U.S. Begins New Crackdown on Hiring Illegal Workers

9/16/13
 
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from The Wall Street Journal,
9/12/13:

About 1,000 Businesses Notified They Must Verify Workers’ Status.

The U.S. government has launched a fresh crackdown on employers suspected of hiring illegal immigrants by notifying about 1,000 businesses across the country in recent weeks they must submit documents for audits.

The so-called “silent raids” are the largest since July 2009 when just as many companies were notified, according to immigration attorneys, and weren’t publicly disclosed by Immigration and Customs Enforcement, the agency that conducts such inspections.

When asked about the audits, ICE responded that the agency inspects company hiring records “when necessary‚Ķto ensure compliance with U.S. employment laws.” An ICE official added, “the names and locations of the businesses will not be released at this time due to the ongoing, law enforcement sensitive nature of the inspections.”

The new employment audits hit restaurants, food processing, high-tech manufacturing, agriculture and other industries that together employ tens of thousands of workers, according to attorneys representing some of the companies.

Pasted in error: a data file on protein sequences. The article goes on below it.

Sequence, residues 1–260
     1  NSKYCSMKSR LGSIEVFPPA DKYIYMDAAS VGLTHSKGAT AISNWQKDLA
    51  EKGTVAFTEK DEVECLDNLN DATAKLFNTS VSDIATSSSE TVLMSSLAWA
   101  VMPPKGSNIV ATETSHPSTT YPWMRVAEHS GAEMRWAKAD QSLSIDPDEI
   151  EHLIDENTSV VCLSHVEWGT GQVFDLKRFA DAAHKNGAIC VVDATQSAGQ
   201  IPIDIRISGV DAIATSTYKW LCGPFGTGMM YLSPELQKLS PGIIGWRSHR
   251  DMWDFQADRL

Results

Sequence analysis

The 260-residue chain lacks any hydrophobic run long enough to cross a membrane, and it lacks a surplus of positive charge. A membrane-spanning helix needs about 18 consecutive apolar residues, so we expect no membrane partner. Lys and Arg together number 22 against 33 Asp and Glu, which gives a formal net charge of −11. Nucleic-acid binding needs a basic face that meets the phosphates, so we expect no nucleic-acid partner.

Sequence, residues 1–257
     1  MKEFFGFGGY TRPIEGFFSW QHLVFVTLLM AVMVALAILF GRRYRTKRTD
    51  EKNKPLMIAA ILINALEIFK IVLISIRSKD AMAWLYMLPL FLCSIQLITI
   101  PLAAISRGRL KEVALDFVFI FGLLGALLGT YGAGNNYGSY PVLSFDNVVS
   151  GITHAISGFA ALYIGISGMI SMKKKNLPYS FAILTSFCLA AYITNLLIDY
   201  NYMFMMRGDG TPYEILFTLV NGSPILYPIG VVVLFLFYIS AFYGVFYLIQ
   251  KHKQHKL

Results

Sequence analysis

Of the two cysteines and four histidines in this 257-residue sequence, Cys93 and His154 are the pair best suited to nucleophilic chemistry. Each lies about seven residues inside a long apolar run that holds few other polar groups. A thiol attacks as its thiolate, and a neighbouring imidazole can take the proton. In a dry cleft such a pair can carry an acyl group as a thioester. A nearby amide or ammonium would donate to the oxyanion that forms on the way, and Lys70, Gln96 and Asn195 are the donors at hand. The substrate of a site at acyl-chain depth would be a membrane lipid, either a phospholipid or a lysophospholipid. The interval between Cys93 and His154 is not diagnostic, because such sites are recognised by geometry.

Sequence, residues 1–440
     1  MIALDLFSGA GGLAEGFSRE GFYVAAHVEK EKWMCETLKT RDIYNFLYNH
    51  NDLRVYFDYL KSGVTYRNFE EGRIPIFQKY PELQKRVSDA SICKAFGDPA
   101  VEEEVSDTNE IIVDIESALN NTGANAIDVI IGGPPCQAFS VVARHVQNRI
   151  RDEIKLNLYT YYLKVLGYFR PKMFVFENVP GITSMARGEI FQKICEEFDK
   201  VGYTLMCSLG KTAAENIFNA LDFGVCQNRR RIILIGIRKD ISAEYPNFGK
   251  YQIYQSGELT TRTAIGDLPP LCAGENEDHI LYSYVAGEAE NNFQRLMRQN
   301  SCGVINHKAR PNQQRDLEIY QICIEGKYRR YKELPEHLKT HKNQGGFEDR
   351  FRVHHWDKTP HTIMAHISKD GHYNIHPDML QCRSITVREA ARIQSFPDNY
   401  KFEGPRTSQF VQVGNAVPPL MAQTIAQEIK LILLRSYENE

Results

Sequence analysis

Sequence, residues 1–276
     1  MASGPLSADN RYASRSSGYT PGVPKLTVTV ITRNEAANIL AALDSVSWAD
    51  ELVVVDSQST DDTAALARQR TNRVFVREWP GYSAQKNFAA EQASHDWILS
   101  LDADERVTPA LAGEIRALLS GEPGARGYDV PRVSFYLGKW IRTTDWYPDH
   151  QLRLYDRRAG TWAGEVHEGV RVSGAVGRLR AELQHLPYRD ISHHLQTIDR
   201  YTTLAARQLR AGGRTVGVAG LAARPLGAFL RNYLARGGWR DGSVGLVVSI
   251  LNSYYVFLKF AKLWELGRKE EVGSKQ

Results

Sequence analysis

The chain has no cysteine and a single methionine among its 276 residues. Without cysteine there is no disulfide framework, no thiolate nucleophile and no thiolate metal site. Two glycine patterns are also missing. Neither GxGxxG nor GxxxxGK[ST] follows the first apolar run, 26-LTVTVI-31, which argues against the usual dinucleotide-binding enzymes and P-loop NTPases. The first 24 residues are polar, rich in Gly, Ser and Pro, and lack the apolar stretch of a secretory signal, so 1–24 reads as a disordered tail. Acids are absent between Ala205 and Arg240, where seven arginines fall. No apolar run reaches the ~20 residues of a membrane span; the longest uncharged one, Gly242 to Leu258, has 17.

The audits happened just before the close of the government’s fiscal year, which ends Sept. 30. Last year, the Obama administration audited 3,004 companies, according to DHS.

Chipotle is one of the highest-profile targets of immigration audits.

The audits suggest the Obama administration is choosing not to ignore companies that hire blue-collar, foreign labor even as it presses for an immigration overhaul, which is languishing in Congress …

While the audits don’t lead to the deportation of a firm’s illegal workers, they lose their jobs if discovered. Critics of the crackdown say it drives more immigrants to exploitative, off-the-books work. For employers, the audits can lead to deep losses in productivity, in addition to civil and criminal fines, and many workers end up getting hired by competitors.

In their quest to avoid running afoul of the law, employers sometimes become overzealous by requesting too much documentation from workers. In June, the Macy’s department store chain agreed to pay fines and revise its employment policies after workers complained about discriminatory practices involving immigrant workers, leading to a Justice Department investigation.

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